“When we look overall, if we’re still able to predict people’s life outcomes because of race, we see that white people are consistently more likely to own a home, have better health care, to be less punished at every level of the criminal justice system.”- Tehama Lopez, Asst. Prof., Political Science, Ohio Univ.
As the make-up of the country becomes increasingly “majority-minority,” where racial and ethnic minorities make up the majority of the population, it’s difficult to predict what social system may emerge.
The discussion about race in America may in fact be a cover for and a distraction from deep issues related to class divisions that conveniently split the masses and create obstacles to cooperation among those who most recently refer to themselves as the 99 percent.
The possibility that with the growth and integration of so many minorities, the advantages of whiteness will dissipate and allow alternative formations of identity, for instance class would be a difficult sell for whites, suggests Vincent Hutchings, Prof., Political Science, Univ. of Michigan. “White Americans have more of the privileges, more of the resources and more of the rights than other Americans have, and that has been true from the beginning.” And so long as the disproportionate allocation of resources resoundingly favors whites, it’s unlikely this relationship will be abandoned.
But alternatively what happens if white privilege is dismantled by recession, government regulations, and a diminishing perception that whiteness no longer holds the advantages it once did? Chris Zepeda-Millan, Asst. Prof., Political Science, Loyola Marymount Univ. explains that race and class are in fact just too strongly and intimately intertwined to separate. “The reason why racial and ethnic minorities continue to struggle and have formed social movements is specifically because they’ve been marginalized not only as a group, but also as a class, they’ve been forced to take the worst, to participate in the lowest segments of the labor economy….so the issue of race is class. It can’t be untangled with regards to American politics and American history.”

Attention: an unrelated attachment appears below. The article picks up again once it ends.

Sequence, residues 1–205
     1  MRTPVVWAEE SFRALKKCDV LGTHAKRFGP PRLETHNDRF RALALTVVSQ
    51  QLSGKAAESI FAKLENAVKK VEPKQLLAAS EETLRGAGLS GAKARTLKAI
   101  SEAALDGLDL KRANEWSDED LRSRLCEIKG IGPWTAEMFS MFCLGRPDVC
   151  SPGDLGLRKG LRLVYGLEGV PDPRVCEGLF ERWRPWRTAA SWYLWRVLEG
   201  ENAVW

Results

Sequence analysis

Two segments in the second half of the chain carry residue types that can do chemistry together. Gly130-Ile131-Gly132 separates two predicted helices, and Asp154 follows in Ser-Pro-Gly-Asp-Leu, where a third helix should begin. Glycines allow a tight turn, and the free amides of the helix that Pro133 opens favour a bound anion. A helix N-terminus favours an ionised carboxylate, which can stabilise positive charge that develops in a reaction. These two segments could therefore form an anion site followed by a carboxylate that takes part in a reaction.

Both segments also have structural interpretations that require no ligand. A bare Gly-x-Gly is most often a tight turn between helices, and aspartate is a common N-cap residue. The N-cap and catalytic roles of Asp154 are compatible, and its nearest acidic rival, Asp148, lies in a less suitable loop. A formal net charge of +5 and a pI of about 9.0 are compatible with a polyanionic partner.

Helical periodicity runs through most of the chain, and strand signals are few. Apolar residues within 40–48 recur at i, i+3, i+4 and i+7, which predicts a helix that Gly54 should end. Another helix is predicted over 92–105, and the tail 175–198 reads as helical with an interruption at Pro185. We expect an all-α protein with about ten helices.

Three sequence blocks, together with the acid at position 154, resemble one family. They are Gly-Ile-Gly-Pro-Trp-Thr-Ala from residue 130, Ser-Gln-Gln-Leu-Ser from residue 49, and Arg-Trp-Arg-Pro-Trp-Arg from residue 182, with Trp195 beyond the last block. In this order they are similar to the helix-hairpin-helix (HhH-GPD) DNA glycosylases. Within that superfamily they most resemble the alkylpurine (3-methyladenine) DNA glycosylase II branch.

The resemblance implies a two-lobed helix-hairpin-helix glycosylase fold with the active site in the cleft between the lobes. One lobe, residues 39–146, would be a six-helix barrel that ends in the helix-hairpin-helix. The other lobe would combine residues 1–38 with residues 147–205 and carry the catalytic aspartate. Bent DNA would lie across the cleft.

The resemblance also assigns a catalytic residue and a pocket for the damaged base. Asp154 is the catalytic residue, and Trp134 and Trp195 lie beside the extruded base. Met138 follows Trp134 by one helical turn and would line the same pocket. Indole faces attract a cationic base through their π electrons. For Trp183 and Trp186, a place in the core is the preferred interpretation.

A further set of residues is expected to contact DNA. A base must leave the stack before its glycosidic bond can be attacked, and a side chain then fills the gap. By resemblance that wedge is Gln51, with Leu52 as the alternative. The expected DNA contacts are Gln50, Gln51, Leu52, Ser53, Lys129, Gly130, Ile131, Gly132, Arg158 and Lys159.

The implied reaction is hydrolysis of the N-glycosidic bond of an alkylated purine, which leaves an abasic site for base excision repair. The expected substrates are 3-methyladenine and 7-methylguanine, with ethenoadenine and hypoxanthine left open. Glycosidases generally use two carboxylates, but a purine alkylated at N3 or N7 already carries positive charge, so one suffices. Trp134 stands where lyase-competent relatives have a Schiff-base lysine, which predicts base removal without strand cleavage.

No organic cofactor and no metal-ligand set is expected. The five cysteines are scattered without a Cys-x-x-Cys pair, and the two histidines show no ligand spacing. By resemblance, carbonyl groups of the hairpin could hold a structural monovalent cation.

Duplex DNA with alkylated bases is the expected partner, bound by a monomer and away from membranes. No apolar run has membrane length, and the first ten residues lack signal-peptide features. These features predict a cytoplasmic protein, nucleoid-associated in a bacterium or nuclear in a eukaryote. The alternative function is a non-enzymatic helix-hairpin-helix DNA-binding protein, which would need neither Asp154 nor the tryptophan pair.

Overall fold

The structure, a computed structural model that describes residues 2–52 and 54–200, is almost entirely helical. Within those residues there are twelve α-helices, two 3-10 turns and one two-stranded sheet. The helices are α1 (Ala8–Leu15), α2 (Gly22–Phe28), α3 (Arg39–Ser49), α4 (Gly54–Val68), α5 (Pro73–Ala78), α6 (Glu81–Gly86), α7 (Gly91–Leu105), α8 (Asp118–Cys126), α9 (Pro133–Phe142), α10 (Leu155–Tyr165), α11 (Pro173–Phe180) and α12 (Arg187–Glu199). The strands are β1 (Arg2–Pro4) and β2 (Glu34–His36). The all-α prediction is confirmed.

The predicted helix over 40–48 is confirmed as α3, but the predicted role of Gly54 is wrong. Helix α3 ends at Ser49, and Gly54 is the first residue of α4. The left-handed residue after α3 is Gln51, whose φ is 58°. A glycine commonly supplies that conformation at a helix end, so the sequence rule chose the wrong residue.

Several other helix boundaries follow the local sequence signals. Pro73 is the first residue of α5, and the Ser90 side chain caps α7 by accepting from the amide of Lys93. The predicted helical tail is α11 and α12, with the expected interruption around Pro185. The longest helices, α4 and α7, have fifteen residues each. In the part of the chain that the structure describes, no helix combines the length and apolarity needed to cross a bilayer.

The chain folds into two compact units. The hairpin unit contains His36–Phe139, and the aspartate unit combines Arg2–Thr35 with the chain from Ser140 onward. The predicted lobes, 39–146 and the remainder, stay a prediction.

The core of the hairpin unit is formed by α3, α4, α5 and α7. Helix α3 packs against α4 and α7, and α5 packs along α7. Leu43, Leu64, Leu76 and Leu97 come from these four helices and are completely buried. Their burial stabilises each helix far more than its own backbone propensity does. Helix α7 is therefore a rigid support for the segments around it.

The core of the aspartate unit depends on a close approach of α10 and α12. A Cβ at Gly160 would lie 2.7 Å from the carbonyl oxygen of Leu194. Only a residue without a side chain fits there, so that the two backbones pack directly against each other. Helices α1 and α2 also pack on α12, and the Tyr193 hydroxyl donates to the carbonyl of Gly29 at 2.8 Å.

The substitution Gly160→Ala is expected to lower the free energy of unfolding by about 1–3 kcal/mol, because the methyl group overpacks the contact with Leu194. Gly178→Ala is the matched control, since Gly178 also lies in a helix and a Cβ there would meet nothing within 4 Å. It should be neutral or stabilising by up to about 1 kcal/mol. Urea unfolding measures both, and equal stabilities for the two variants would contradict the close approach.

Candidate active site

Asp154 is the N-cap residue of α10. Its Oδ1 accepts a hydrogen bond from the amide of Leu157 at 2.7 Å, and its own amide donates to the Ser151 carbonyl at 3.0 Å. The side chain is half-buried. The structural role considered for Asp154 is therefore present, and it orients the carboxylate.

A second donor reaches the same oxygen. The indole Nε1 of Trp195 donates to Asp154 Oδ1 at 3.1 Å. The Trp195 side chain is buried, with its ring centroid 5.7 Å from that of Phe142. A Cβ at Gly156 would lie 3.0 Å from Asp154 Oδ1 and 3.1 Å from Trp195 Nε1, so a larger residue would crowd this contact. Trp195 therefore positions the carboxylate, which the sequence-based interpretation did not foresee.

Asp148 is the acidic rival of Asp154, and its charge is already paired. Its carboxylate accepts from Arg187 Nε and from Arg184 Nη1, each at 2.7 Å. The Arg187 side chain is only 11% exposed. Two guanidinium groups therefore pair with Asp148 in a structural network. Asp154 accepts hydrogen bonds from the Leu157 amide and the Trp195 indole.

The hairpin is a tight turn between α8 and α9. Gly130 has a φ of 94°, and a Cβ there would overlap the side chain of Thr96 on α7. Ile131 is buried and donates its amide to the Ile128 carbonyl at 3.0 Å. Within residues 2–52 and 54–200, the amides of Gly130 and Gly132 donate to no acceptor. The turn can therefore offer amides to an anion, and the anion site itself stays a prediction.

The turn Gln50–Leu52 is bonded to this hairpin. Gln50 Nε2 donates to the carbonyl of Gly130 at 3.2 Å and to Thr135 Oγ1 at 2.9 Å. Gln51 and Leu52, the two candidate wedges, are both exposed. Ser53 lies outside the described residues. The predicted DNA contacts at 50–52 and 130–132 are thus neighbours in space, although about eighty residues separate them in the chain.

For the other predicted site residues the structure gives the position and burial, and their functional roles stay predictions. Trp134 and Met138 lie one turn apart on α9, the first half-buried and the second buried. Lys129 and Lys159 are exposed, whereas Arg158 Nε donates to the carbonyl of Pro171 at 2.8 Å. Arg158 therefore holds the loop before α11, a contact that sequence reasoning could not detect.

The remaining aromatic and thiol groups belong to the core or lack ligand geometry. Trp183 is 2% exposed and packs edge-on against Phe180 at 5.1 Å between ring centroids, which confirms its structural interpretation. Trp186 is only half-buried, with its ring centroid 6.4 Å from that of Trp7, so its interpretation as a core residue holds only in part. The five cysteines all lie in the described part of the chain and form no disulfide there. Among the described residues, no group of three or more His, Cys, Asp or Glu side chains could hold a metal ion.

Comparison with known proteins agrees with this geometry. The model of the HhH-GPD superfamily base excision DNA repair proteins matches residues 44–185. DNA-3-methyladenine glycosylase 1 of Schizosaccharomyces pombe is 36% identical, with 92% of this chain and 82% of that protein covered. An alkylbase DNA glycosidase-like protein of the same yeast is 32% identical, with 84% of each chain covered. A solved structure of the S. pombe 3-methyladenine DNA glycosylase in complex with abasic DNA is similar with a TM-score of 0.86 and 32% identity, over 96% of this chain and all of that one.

Yet, there is a sense among whites that old institutions are dying, and perhaps this is an indication of new ones that will rise to replace them. However the speed of change may ultimately depend on the systemic pressures induced by the rise and fall of our economic system. As Debra Dickerson, author, The End of Blackness, explains, “…had the one percent not taken absolutely everything away from me I would probably be cautioning, ‘Slow down, be patient, Rome wasn’t built in a day.”
- To what extent is race a smokescreen that prevents Americans from addressing entrenched class-based problems?
- Will working class Americans of all races join together in a class-based movement that expresses their common interests?
- Will race continue to trump class in the struggle and debate for a more equitable distribution of wealth?